The same applies to Catniss Everdene. The moment she is in danger, we care. This is partly because in the very early scenes in the film, we see Catniss shielding and nurturing her younger sister. We know she’s the sort of person we would want on our side. Lisbeth is a different heroine altogether. She doesn’t fit in, has no family and apparently no softness to her. She wears gothic black clothes, is a tech geek, and refuses to be bullied. However, we still find her fascinating. This is because Hague/Vogler tell us you can make a character someone we root for is because they are an expert. If they are good at their job, we have a sneaking respect for them. Lisbeth is an IT expert, she knows things. Similarly Catniss is a pretty mean shot with a bow and arrow. Like a young goddess Diana the huntress, she feeds herself and her family – if we were hungry we’d want her on our side.

Aside from being a sci-fi adventure, ‘The Hunger Games’ is primarily a romance. All romances need a hero and Catniss’s love interest is Peeta Mellark. Although a less prominent character, Peeta displays another characteristic which Hague/Vogler cite as being a winning one – he is likeable. As Hague/Vogler point out, Tom Hanks has built a career on such characters.

So, to conclude:
• Goals - Give your central characters an external and an internal goal to sustain them throughout your story
• Characterisation – make your central characters people we can root for – put them in jeopardy. Make them people we would want to be on our side, make them experts. They may only be experts in chopping wood or using a bow and arrow, but make them the best at what they do and they will be intriguing. Or make them likeable, people we’d be happy to be stuck in a lift with and you have a hero people will root for.

These are just a few ways you can create characters and a story which pull the reader in and which sustain your plot to provide a satisfying read. Next time you see a Hollywood blockbuster, it’s fun to see how often they conform to these simple guidelines.

Kitti Bernetti has published dozens of short stories and novellas in a variety of genres of erotica including sci-fi, historical, crime and contemporary. Her latest, ‘The Thousand and One Nights’ is in the unique Secret Library range from Xcite. This range has discreet velvet covers hiding tales of feisty heroines, alpha males and strong romance. They are also available as e-books. She also publishes romance novellas and short stories under a different pen name. She can be reached through her website.

Monday, May 14, 2012

Tip O'Day #344 - Getting Past Rejection

Guest blogger Ann Harrison on being a ‘pantser’ and overcoming rejection.

Ever since I could remember I’ve loved books. I would read anything I could get my hands on and it’s only now that my taste has really settled on certain genres. I love a good romance. Who doesn’t love a happy ending and all the angst in between? I greedily absorb as much young adult (YA) as I can, and I can’t pass up a good suspense and murder mystery.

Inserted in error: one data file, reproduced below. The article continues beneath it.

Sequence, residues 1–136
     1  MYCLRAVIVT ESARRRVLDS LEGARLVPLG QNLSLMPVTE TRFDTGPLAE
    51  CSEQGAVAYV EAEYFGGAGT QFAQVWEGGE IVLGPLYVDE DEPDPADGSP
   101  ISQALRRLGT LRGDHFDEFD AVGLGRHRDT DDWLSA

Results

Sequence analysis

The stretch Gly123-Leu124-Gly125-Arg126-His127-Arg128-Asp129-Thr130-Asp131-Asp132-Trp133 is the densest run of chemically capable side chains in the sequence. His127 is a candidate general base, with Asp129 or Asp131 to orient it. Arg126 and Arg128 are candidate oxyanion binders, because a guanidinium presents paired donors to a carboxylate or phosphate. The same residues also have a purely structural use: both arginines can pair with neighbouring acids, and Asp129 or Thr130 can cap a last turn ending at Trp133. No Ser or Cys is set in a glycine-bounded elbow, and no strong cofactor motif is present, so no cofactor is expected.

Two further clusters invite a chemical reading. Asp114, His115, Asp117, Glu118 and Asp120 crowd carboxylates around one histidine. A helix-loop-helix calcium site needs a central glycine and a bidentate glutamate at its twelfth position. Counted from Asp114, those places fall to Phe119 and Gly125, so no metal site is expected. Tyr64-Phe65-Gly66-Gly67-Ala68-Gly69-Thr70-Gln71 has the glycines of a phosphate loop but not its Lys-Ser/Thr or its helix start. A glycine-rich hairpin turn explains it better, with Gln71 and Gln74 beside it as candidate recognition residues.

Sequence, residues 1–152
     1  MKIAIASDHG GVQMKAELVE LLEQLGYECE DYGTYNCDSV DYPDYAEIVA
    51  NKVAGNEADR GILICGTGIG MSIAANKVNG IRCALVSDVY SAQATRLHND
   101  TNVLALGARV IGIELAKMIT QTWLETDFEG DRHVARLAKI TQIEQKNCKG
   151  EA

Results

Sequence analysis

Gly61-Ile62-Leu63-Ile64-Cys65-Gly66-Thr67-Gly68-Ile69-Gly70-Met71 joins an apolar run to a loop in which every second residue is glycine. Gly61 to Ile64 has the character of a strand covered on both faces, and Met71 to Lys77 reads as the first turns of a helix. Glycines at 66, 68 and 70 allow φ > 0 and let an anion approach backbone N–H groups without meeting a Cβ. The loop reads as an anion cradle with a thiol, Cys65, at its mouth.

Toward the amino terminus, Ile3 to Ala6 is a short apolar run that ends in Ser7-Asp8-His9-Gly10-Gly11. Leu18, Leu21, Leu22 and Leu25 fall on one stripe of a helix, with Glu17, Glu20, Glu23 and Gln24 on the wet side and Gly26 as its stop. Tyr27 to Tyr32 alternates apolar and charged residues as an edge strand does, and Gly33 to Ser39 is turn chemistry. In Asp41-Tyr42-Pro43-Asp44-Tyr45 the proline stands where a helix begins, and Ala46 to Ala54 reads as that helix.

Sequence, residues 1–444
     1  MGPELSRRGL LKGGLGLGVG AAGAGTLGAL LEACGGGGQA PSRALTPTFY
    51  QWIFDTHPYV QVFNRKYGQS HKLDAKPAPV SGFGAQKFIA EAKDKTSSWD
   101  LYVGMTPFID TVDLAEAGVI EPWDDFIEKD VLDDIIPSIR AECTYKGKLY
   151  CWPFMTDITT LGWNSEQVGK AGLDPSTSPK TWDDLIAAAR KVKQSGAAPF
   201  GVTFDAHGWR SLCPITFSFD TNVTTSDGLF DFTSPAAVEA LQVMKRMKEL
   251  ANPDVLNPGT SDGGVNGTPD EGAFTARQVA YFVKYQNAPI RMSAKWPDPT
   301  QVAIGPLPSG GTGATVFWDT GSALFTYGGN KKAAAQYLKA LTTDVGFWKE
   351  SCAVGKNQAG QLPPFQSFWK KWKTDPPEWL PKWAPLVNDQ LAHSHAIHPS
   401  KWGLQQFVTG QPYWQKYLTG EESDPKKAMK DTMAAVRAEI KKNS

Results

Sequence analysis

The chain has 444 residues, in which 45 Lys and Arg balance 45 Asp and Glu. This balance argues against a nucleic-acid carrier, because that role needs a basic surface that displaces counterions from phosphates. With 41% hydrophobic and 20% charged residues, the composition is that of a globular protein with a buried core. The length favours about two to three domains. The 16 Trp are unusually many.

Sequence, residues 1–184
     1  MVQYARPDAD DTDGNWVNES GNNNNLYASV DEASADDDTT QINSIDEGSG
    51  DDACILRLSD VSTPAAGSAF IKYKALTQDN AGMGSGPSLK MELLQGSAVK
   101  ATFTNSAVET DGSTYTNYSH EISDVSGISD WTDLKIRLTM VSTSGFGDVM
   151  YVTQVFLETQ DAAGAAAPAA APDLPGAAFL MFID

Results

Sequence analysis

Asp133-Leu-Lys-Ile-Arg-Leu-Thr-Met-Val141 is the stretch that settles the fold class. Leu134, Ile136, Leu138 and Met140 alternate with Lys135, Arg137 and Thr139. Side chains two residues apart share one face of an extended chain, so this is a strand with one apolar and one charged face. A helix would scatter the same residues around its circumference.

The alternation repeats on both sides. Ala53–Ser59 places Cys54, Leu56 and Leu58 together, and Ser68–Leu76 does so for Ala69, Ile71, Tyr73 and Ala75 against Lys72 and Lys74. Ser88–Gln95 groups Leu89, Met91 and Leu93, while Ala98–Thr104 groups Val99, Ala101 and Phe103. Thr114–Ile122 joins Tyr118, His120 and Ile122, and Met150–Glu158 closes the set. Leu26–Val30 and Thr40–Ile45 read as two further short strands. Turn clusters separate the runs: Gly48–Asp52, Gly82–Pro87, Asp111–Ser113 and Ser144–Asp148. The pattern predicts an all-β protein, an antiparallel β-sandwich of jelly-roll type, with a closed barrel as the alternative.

'I wish I had started writing years ago,' is a cry you probably hear from many a writer. I think I was always too busy reading to sort out the voices in my head. Four years ago, it all got too much and I had no choice. My first seven books spewed forth at a rate of speed that literally scared me half to death. I started with YA because that came to the surface first. You might gather from this that I am a pantser (writing by the ‘seat of my pants’ instead of planning every twist of the story). I can’t do it any other way and am in awe of those that do plot every part of their manuscript.

YA books one through three (and notes for the fourth) in a series were very quickly written. After having book one rejected, (six times), I thought I wasn’t cut out for YA and tried my hand at romance. Three books were written in as many months and sat while I entered competitions and took the judges’ comments to heart.

What scared me most was the almost impenetrable wall you hit when you start submitting your work. It is nearly impossible to get traditionally published in the current market. Many print publishers will only take on repeat authors they already have a connection with. This is the time that many good authors will give up and throw it all away. I almost did after another three rejections.

It wasn’t until I met freelance editor Annie Seaton, who pointed out the flaws in my stories (in a way that I understood) that I took heart. I polished them until I was happy to submit them. It was the turning point for me; within 48 hours I had three contracts on my desk. I feel I chose wisely and carried on writing. Three weeks later I signed my second contract with Breathless Press.

Taming the Outback will be out in August and Mistress for Magnus will be released in September. With my success I felt brave enough to resubmit Book One of my YA series. Witchling has now been signed with Lycaon Press and I know that all of the hard work has paid off.

Check out Ann at her website or on Facebook and Twitter.

Tuesday, May 8, 2012

Tip O'Day #343 - "Road Rules"

Guest blogger Laura Solomon on the writing life.

The writer treads a treacherous road.